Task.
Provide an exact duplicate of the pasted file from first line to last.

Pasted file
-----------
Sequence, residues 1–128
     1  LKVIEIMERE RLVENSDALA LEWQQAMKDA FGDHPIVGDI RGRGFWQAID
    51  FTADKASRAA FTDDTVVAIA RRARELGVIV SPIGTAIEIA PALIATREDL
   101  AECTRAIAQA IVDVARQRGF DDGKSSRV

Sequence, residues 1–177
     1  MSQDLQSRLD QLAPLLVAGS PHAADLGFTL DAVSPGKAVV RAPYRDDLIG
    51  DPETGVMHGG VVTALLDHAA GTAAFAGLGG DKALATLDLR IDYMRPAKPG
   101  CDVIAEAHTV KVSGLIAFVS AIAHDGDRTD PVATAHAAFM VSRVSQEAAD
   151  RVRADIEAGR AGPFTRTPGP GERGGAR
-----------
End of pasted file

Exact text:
Sequence, residues 1–128
     1  LKVIEIMERE RLVENSDALA LEWQQAMKDA FGDHPIVGDI RGRGFWQAID
    51  FTADKASRAA FTDDTVVAIA RRARELGVIV SPIGTAIEIA PALIATREDL
   101  AECTRAIAQA IVDVARQRGF DDGKSSRV

Sequence, residues 1–177
     1  MSQDLQSRLD QLAPLLVAGS PHAADLGFTL DAVSPGKAVV RAPYRDDLIG
    51  DPETGVMHGG VVTALLDHAA GTAAFAGLGG DKALATLDLR IDYMRPAKPG
   101  CDVIAEAHTV KVSGLIAFVS AIAHDGDRTD PVATAHAAFM VSRVSQEAAD
   151  RVRADIEAGR AGPFTRTPGP GERGGAR